This reading group guide for Fairy Tale Interrupted includes an introduction, discussion questions, and ideas for enhancing your book club. The suggested questions are intended to help your reading group find new and interesting angles and topics for your discussion. We hope that these ideas will enrich your conversation and increase your enjoyment of the book.
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RoseMarie Terenzio was just a typical Italian girl from the Bronx. She grew up, went to college, got a job, and moved into an affordable apartment in Manhattan. That alone could be considered any girl’s dream, and the fact that her job involved daily contact with one of the most famous men in the world certainly put it over the top. As the assistant to John F. Kennedy, Jr., RoseMarie was in the unique position of knowing John as a boss and a friend. She kept his calendar, sorted his mail, sat courtside with him at Knicks games, and provided advice. With fondness and respect, RoseMarie gives a glimpse into the work, marriage, and daily life of JFK Jr., and recounts what it was like to be in the inner circle of America’s most famous couple. Of course there were amazing perks—the best one being John and Carolyn’s friendship—but on that devastating day in July 1999, it all came to a tragic end.Topics & Questions for Discussion
1. How do you interpret the title Fairy Tale Interrupted
What fairy tales could the title refer to?
2. RoseMarie’s role as John’s assistant was more than a full time job, and with it came glamour and excitement, but also sacrifice. Discuss the pros and cons of her job and whether you think the benefits outweighed the costs.
3. Discuss RoseMarie’s relationship with John. Why do you think she was starstruck by other celebrities, but not JFK, Jr.?
4. RoseMarie credits her mother for the way she turned out. How might the specifics of her background and upbringing have prepared her for the world of John Kennedy?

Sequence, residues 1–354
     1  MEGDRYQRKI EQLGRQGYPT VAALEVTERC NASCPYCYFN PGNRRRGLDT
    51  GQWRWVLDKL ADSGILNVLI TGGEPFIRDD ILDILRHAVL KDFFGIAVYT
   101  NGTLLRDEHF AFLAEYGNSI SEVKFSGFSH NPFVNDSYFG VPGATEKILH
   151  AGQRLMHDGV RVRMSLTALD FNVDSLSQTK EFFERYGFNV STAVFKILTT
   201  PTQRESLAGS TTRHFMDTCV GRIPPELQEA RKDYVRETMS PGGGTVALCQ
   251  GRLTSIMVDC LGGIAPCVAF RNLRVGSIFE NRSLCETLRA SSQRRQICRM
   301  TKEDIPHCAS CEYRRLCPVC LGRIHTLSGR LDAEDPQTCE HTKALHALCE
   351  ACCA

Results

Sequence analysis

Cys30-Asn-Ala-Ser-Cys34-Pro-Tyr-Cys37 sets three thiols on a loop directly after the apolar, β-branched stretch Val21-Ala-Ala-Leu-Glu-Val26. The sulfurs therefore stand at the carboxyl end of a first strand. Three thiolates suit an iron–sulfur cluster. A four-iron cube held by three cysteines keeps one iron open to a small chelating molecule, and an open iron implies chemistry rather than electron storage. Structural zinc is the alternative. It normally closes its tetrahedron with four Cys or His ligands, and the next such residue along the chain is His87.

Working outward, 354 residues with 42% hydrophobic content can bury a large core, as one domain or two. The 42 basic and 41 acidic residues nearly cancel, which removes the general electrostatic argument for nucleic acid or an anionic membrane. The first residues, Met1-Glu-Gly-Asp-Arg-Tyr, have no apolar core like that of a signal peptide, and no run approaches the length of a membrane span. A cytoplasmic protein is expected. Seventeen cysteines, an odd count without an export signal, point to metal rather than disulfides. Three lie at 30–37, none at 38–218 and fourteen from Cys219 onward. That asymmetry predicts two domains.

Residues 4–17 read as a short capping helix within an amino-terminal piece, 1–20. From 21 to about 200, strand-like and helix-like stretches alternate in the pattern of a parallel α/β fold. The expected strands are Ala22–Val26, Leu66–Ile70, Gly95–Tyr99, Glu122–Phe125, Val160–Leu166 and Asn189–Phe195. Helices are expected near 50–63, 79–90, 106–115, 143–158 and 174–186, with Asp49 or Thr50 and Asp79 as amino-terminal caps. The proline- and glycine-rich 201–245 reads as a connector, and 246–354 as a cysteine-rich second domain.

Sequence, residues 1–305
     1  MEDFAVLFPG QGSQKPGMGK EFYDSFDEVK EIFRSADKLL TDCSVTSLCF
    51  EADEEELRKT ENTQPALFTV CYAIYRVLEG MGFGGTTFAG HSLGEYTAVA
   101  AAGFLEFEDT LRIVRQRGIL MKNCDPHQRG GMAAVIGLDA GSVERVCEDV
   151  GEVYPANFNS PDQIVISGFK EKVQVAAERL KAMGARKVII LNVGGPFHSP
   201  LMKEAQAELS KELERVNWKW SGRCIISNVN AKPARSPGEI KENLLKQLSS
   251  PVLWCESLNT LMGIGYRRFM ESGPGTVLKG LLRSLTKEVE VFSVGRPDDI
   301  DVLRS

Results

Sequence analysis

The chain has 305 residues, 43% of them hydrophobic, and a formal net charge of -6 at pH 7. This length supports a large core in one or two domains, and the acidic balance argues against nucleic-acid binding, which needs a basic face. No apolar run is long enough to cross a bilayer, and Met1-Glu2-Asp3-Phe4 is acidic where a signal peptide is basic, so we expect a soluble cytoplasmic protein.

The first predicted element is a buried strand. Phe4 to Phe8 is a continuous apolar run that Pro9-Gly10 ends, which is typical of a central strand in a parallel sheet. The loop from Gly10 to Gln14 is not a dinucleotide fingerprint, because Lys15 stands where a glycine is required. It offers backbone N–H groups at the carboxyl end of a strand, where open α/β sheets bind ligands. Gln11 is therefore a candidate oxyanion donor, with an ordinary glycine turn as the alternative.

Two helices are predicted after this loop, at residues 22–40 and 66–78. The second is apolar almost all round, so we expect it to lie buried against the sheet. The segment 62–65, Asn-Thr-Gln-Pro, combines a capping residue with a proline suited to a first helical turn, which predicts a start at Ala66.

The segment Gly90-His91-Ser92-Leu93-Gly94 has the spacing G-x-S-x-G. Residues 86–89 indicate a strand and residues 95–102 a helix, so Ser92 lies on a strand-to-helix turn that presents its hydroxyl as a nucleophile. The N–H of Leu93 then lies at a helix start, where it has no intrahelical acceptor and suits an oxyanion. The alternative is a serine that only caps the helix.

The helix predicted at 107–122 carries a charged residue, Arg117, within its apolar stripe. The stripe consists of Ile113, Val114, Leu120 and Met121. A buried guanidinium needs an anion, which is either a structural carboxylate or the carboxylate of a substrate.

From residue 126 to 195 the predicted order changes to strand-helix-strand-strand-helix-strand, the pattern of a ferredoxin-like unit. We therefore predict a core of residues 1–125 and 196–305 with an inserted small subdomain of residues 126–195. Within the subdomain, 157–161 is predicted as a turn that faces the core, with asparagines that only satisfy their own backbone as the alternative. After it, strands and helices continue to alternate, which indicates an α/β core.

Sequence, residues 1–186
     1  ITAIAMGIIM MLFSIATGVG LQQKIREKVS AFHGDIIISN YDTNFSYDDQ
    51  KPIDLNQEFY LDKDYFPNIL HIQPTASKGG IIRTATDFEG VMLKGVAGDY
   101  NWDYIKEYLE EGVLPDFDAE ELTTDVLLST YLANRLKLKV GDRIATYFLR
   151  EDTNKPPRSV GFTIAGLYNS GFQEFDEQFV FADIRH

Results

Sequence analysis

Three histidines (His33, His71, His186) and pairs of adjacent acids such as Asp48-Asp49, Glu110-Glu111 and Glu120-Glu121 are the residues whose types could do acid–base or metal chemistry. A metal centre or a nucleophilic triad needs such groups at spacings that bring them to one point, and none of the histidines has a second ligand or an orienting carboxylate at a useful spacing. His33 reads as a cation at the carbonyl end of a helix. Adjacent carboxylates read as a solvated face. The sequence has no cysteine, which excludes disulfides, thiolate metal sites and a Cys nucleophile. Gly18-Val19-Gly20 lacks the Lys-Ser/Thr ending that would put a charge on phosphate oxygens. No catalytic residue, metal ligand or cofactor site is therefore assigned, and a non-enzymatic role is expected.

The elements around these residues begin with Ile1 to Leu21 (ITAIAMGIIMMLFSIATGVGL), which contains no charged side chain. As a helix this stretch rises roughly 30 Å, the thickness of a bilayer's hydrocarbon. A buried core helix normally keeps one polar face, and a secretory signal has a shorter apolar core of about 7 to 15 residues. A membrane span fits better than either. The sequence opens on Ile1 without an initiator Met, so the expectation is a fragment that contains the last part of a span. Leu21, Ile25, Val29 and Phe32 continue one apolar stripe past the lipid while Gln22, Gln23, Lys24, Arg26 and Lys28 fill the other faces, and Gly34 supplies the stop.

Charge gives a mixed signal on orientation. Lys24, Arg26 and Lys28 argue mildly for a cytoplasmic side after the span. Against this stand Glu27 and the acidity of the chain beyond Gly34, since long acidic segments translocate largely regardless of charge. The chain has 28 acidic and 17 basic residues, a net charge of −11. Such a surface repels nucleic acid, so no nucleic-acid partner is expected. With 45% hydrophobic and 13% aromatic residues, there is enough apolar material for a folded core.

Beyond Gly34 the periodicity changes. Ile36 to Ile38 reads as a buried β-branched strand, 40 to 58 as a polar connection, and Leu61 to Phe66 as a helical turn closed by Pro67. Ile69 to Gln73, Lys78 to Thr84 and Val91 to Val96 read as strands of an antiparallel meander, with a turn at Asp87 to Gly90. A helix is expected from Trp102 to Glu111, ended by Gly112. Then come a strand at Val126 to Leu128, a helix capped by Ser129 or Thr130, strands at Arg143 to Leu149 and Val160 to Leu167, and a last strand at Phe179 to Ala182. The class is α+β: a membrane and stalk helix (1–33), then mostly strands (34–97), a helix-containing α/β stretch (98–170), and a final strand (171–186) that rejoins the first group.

5. It’s clear that the media and the paparazzi were hard on Carolyn, especially after she and John were married. Do you think it was fair for people to say that Carolyn knew what she was getting into?
6. How did RoseMarie’s relationship with Carolyn differ from her relationship with John? How do you think her friendship with Carolyn affected her job?
7. As John’s assistant, RoseMarie often had to be the one to say no, play the bad cop, be the gatekeeper. Do you think she enjoyed this part of her job—looking out for John’s best interests? How did it affect her?
8. Was there anything revealed about John in RoseMarie’s story that surprised you?
9. When Barbara Walters called asking RoseMarie to say something for 20/20
about John’s death, she replied, “Anyone who is going to come on the air tonight doesn’t know anything and is not a close friend of John’s. Trust me.” (p.206) What do you think of her reaction? Do you agree?
10. Why do you think RoseMarie decided to write this book so long after the death of John and Carolyn?
11. The end of the book includes a lot of death. Discuss the different hardships RoseMarie goes through in grieving for Frank, John, Carolyn, and her parents.
12. How has your perspective on John, Carolyn, and the Kennedy family changed after reading this book?
13. RoseMarie writes, “The entire world knew John or, rather, wanted to feel as if they knew him.” (p.229) What do you think she means by this, and do you think it’s true?
Enhance Your Book Club
1. If you were going to be the assistant to someone famous, who would it be? Go around the group and share your answers.
2. Go online and research some of the George
covers that are mentioned in the book: Cindy Crawford on the inaugural issue, Drew Barrymore as Marilyn Monroe, and RoseMarie’s favorite, Howard Stern chopping down the cherry tree. Which cover is your favorite?
3. The death of JFK, Jr. has become one of those moments in history that we can remember where we were when it happened or when we found out. Where were you when you heard of his death? Share your responses with your group members. For more information about the plane crash that killed John and Carolyn, read the Washington Post’s
coverage of the tragedy at www.washingtonpost.com/wp-srv/national/longterm/jfkjr/stories.htm